Hello Fans, This is Part 2 of the Indian Express interview with Miika Mahonen, Principal Designer, HMD Global.
This is Part 2 of the Indian Express interview with Miika Mahonen, Principal Designer, HMD Global. (Click this to read part 1.)
Here, Miika talks about form factors, innovation and the megapixel wars.
Image: Miika Mahonen, Principal Designer, HMD Global, poses with Nokia smartphone consumers at the Let's Talk Design event in India.
Do you follow the design trends that your competitors are following?
When I talk about design trends, there are two sides to it. Some design trends are more about aesthetics and then there are design trends that are about user experience. Design trends have a side where it is a lot about aesthetics like fashion, colors, materials, etc. And then there’s also a lot of design trends of how the user experience itself is developed. So we do follow things and we incorporate and take inspiration from the best things, but at the same time, we stick to what is our own vision.
A lot of innovation is happening in and around the display. Some manufacturers are going with a 120Hz display, while others are using the waterfall displays to take the concept of curved screens to the next level. What do you have to say?
For us, the most important thing is whether the technology is mature enough that we can guarantee quality for the consumer. For waterfall displays and some phones being launched hasn’t been necessarily that straightforward how it’s been working. So any new technology that we will bring or incorporate in our designs…we bring it at a point where we are a hundred percent sure that we can guarantee the quality and the functionalism of the product. We don’t want to risk our products having any issues.
Foldable phones have finally arrived, though at present there are a lot of technical challenges that still persist. Is HMD Global looking at this space?
Visual information is very important and that’s why the display technology is so important. We are working on how we can come up with the second generation and how we can improve the visual technology but I cannot reveal too much. But I can tell you that we are doing a lot of future concepts right now in different areas and that’s something I can say for sure.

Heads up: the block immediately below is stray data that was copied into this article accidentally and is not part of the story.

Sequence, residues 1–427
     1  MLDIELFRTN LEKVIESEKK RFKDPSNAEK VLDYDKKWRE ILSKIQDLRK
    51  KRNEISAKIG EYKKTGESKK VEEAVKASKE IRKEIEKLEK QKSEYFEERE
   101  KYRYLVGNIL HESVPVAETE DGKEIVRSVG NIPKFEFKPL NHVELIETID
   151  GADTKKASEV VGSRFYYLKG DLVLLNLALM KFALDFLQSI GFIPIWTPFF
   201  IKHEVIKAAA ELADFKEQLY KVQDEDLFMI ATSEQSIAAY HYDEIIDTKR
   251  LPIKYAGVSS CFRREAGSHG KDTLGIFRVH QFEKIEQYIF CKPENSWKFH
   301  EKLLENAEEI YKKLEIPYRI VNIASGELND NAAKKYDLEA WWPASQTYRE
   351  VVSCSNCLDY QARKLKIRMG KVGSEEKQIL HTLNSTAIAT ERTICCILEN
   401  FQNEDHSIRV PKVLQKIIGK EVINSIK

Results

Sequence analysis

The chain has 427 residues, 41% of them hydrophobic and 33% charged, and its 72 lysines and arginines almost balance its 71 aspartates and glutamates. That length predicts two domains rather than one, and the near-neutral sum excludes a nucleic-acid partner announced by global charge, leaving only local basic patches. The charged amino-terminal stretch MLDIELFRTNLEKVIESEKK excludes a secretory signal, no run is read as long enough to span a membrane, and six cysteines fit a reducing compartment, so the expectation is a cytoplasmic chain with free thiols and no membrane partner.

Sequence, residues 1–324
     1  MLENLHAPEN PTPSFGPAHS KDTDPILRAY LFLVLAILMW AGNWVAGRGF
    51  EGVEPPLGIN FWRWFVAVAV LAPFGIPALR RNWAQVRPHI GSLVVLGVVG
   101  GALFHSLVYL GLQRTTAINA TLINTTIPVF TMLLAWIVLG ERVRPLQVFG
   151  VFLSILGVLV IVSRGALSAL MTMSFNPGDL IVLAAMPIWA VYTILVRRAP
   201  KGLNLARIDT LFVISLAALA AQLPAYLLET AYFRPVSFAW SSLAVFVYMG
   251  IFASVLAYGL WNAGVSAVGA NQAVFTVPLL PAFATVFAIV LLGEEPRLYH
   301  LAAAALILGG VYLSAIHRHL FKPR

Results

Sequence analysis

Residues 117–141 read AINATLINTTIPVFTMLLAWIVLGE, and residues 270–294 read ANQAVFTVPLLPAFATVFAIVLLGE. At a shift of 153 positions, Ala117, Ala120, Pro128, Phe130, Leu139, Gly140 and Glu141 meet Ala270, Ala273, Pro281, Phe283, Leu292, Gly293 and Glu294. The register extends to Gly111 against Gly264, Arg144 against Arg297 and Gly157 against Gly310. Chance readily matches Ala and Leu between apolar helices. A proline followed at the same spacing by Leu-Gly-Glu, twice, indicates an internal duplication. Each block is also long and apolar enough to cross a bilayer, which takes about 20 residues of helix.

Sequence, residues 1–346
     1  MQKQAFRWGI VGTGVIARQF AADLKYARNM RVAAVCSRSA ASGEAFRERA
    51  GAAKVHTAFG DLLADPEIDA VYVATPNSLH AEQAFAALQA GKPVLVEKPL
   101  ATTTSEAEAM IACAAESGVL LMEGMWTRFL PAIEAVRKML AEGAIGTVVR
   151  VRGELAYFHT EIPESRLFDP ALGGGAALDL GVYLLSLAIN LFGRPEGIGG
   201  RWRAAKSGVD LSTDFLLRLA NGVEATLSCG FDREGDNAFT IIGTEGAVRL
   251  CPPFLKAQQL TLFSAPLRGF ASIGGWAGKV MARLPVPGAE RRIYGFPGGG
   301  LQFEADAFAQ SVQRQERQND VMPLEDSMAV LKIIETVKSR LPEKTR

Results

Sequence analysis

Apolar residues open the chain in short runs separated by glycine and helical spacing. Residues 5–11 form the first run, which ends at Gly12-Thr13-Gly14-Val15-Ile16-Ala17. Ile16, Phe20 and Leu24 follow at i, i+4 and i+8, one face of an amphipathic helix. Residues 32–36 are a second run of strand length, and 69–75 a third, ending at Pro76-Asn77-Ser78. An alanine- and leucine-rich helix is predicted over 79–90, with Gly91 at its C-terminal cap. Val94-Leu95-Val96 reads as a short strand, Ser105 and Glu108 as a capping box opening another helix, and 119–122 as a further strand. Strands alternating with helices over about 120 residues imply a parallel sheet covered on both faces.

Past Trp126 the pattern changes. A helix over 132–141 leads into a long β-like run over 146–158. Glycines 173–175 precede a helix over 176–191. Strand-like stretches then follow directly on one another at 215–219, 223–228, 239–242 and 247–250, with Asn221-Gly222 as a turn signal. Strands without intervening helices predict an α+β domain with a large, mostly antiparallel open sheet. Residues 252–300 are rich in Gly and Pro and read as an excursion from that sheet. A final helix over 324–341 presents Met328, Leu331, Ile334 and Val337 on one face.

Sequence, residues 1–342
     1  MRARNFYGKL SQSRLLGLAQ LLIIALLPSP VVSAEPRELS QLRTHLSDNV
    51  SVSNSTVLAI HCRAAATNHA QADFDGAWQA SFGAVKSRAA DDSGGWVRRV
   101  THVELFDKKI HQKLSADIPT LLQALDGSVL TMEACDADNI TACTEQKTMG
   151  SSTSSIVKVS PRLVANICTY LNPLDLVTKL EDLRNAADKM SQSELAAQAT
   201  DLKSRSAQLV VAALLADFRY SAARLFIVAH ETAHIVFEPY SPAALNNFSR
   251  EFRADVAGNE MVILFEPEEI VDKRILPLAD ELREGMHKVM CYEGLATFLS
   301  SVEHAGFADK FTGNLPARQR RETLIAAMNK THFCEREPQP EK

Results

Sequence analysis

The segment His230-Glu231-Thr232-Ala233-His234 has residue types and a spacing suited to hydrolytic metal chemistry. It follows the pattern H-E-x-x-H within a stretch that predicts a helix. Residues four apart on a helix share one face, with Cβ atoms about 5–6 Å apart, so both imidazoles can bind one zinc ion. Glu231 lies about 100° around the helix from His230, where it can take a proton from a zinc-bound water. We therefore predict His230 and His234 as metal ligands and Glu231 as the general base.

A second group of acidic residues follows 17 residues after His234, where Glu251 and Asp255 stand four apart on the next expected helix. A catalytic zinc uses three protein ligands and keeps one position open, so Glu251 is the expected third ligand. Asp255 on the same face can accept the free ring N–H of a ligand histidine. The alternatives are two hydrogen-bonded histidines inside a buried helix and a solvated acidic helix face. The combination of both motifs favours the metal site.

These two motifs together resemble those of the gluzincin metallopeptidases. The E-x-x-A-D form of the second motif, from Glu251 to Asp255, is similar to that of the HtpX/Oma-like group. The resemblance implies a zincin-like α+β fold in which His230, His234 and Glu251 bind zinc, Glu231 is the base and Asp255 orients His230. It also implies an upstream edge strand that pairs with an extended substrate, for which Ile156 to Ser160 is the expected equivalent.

Well, if you look at a bigger scale, the trend is more about simplification and optimization of these products, right? We are driving away from having this portable computer into our comfortable design that supports your actions in everyday life. That’s a big trend and that’s something we are looking at. That’s why even in the industrial design, we are coming up with solutions to make it more comfortable, more simplified, improve the quality and improve usability.
The Nokia quality and durability is still very much our essential driver. And those values go really well together with minimal Nordic design. And this is what we are developing now. Anything that’s not needed is not there.
Designing and manufacturing foldable phones isn’t easy. As a designer, do you think foldable phones are the future of smartphones?
Look, this is the basic law of physics. When something changes, for example, this material bands, there will always be certain a source of difficulties or challenges. Will the foldable phone be a definite thing in the future? Maybe not. Maybe there will be other solutions as well that can improve the visual experience besides foldable displays.
Why haven’t the megapixel wars ended, and why are smartphone manufacturers once again talking about a high megapixel camera?
The megapixel races are definitely ongoing, but I would say that for us (HMD Global) as a company, we are really developing our internal resources to improve experience and software design when it comes to cameras. The camera part is really important for us to and for example, our collaboration with Carl Zeiss. So we are really putting a big effort internally to develop these resources and teams so we can keep improving our camera experience through all the new models that we are releasing.
Reports suggest that HMD Global’s next flagship will drop the ‘PureView’ branding? Is it true?
Sorry, I cannot answer your question.
As a designer, how do you assess the current-generation of Nokia phones?
I think we have made good progress. I would say that we are really discovering our own identity in a way, but we don’t want to fully follow what our competitors are doing. We want to tap Nordic premium design that’s known for simplicity and long-lasting timelessness. That’s our key factor and that’s something we will continue to pursue. Like, we want to design devices that look great next year and look great even after 10 years.
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